Skating Coaches Cranston RI

This page provides useful content and local businesses that give access to Skating Coaches in Cranston, RI. You will find helpful, informative articles about Skating Coaches, including "Bearings for Inline Skaters" and "Listen to Your Body". You will also find local businesses that provide the products or services that you are looking for. Please scroll down to find the local resources in Cranston, RI that will answer all of your questions about Skating Coaches.

Atwood Performing Arts Center
(401) 942-4450
60 Walnut Grove Ave
Cranston, RI
 
Agostinis Academy Of Martial Arts Fitness Inc
(401) 467-0430
74 Rolfe Sq
Cranston, RI
 
Ymca
(401) 943-0444
1225 Park Ave
Cranston, RI
 
Powerhouse Gym Plus of Cranston
(401) 944-1964
1776 Plainfield Pike
Cranston, RI
 
Apollo Fitness
(401) 941-1999
400 Warwick Ave # 3
Warwick, RI
 
Curves
(401) 943-1393
713 Oaklawn Ave
Cranston, RI
 
Nick Cerios Kenpo
(401) 467-0430
74 Rolfe Sq
Cranston, RI
 
Thirty Minutes To Fitness
(401) 943-0030
2244 Plainfield Pike
Cranston, RI
Industry
Personal Trainer

Data Provided By:
30 Minutes To Fitness
(401) 943-0030
2244 Plainfield Pike
Cranston, RI
 
Curves
(401) 738-1222
957 Namquid Dr
Warwick, RI
 
Data Provided By:

Listen to Your Body

By Nadine Currie Jackson
 

Skaters in the Cold

One of Nadine's sore feet after a week at Skate Farm.
 

You've heard it before, but it's worth repeating: Pain is your friend, a message from your body that something is wrong ... the pan is too hot ... the bee is angry ... there's a blister on your toe.

It's also a regular — although fortunately not constant — companion of athletes and fitness enthusiasts, skaters included.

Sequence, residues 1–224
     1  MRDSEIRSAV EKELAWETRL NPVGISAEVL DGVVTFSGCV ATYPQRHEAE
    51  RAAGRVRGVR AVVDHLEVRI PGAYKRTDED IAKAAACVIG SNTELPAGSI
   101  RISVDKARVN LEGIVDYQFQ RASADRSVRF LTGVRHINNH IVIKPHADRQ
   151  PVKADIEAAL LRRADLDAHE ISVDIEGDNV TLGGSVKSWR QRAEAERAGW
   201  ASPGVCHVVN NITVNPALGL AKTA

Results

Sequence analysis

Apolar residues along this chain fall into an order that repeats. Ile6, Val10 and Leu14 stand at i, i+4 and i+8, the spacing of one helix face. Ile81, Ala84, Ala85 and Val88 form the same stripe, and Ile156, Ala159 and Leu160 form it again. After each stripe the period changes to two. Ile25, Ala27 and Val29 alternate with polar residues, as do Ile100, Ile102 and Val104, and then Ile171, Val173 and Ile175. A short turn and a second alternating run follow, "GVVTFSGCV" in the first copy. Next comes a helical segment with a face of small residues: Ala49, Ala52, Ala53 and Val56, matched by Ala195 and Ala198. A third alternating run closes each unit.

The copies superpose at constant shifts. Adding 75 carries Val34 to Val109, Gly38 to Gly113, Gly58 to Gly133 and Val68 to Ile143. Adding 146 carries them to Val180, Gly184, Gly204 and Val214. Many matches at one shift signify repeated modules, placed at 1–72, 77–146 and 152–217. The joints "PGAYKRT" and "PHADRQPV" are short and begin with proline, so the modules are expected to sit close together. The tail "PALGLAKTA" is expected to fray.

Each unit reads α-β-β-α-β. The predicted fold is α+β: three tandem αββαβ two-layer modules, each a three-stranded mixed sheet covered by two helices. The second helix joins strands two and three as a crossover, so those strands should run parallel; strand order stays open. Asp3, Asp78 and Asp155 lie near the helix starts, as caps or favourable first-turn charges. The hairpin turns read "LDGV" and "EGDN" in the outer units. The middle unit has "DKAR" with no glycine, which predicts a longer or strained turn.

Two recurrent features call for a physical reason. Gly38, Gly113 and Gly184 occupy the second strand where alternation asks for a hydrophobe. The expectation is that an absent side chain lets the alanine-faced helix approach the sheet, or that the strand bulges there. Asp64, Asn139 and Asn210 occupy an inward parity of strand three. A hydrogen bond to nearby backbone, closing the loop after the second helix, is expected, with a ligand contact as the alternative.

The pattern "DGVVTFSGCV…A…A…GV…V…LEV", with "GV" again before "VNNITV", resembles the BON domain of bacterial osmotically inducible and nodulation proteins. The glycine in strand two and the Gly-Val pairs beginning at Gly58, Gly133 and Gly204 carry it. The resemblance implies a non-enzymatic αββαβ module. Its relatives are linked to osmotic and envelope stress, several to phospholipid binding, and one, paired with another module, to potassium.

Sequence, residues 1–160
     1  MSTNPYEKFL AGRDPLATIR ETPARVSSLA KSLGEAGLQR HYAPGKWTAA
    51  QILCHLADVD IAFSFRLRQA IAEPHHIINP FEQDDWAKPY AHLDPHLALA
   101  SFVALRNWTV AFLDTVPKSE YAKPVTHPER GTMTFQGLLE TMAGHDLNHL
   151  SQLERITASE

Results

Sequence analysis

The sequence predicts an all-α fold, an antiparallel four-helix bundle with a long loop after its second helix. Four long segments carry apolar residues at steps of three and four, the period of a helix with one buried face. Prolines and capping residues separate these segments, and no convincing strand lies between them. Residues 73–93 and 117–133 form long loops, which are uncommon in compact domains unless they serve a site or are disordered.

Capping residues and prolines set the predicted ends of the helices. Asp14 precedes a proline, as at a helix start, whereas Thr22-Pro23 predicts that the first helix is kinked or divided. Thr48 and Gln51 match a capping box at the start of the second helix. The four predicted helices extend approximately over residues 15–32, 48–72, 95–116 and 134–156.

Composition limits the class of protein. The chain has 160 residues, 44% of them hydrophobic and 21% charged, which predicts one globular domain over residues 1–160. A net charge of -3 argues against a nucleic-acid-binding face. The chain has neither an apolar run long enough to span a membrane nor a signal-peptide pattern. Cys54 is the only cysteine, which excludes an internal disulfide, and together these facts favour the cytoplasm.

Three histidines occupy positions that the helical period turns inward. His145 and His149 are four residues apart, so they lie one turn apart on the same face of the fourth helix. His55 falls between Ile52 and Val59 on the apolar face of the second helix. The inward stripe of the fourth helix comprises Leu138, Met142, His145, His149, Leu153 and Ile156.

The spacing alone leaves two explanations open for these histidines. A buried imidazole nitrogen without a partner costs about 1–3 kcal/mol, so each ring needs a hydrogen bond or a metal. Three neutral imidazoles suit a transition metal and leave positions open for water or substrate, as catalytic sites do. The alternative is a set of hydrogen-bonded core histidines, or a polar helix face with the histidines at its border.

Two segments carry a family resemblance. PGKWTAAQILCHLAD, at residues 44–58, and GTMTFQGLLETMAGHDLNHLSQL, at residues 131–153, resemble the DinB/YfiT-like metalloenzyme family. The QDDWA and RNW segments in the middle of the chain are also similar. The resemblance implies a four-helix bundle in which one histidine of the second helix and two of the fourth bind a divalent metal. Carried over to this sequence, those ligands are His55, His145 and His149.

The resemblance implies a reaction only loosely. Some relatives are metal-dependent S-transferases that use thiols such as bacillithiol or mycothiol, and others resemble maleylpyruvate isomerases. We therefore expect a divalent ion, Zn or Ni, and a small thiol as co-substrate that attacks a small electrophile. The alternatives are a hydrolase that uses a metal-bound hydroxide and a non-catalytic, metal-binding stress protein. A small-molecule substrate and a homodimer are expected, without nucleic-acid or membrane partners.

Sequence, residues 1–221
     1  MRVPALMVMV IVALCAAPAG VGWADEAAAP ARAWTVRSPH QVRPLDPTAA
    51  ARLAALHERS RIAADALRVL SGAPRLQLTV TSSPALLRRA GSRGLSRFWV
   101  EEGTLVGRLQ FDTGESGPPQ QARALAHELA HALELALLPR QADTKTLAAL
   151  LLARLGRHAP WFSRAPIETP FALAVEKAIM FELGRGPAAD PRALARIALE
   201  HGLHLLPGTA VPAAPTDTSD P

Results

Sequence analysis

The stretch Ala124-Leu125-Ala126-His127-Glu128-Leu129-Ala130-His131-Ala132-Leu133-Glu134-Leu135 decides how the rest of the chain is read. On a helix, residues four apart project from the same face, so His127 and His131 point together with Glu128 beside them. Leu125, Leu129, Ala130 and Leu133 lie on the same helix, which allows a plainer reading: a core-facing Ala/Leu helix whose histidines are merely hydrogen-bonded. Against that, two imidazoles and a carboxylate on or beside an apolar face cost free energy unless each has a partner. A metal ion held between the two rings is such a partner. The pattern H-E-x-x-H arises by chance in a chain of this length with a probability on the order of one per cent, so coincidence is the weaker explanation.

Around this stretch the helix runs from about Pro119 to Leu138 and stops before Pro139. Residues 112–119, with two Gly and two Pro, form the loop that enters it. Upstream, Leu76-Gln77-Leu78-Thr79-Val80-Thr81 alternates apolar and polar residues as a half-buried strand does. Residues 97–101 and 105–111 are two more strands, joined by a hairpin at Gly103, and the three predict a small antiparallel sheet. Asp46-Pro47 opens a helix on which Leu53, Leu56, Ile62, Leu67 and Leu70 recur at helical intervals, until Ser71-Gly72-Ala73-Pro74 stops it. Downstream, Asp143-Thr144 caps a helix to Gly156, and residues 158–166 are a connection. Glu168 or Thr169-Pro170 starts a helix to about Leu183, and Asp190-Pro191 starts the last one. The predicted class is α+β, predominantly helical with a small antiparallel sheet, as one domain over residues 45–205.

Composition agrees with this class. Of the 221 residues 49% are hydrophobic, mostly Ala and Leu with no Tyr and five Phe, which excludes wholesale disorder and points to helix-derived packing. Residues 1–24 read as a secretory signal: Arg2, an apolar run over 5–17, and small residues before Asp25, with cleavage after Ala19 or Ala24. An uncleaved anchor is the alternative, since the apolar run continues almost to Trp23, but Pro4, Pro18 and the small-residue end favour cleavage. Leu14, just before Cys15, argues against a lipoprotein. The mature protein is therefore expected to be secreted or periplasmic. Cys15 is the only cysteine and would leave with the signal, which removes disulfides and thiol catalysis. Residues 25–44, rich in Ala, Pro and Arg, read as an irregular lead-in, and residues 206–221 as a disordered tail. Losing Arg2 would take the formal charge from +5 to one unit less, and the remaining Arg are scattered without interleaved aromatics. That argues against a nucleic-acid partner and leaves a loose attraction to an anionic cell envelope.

It's there when we push ourselves hard during a workout; it's there when we fall or otherwise injure ourselves.

Naturally, we don't think much about pain, except how to avoid it. But the truth is if you learn to listen to pain, it will visit you less often.

How to listen

Think of the way your legs burn when you charge up a hill. The pain is caused by a buildup of lactic acid and other glycogen waste products in your muscles. It's normal, and it usually subsides once you reach the top of the hill or otherwise decrease your level of exertion.

The question is: how should you react to this pain? In and of itself, it won't kill you. But as you may have noticed, it usually makes a mess of your technique — not to mention, your perceptual skills and judgment. And that, of course, is a recipe for disaster. When you start skating sloppy, you're headed for a fall.

There may be times, such as at the end of a race, when you'll want to push yourself through the pain. But be aware of the risk this poses to you and the people arou...

Click here to read the rest of this article from Inline Planet